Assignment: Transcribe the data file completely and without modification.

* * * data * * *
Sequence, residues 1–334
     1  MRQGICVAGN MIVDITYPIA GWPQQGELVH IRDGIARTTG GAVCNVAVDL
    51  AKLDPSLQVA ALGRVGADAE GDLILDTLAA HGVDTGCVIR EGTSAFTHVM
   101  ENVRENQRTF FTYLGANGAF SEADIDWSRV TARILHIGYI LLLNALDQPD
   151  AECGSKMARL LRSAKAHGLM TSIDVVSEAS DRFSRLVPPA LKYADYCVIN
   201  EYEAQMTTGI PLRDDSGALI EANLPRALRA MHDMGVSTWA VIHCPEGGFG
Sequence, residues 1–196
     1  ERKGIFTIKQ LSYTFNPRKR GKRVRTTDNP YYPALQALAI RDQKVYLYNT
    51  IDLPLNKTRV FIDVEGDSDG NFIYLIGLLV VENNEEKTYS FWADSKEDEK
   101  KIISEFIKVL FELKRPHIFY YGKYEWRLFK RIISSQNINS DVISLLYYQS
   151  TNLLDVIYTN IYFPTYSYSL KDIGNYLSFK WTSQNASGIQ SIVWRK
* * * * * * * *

Sequence, residues 1–334
     1  MRQGICVAGN MIVDITYPIA GWPQQGELVH IRDGIARTTG GAVCNVAVDL
    51  AKLDPSLQVA ALGRVGADAE GDLILDTLAA HGVDTGCVIR EGTSAFTHVM
   101  ENVRENQRTF FTYLGANGAF SEADIDWSRV TARILHIGYI LLLNALDQPD
   151  AECGSKMARL LRSAKAHGLM TSIDVVSEAS DRFSRLVPPA LKYADYCVIN
   201  EYEAQMTTGI PLRDDSGALI EANLPRALRA MHDMGVSTWA VIHCPEGGFG
Sequence, residues 1–196
     1  ERKGIFTIKQ LSYTFNPRKR GKRVRTTDNP YYPALQALAI RDQKVYLYNT
    51  IDLPLNKTRV FIDVEGDSDG NFIYLIGLLV VENNEEKTYS FWADSKEDEK
   101  KIISEFIKVL FELKRPHIFY YGKYEWRLFK RIISSQNINS DVISLLYYQS
   151  TNLLDVIYTN IYFPTYSYSL KDIGNYLSFK WTSQNASGIQ SIVWRK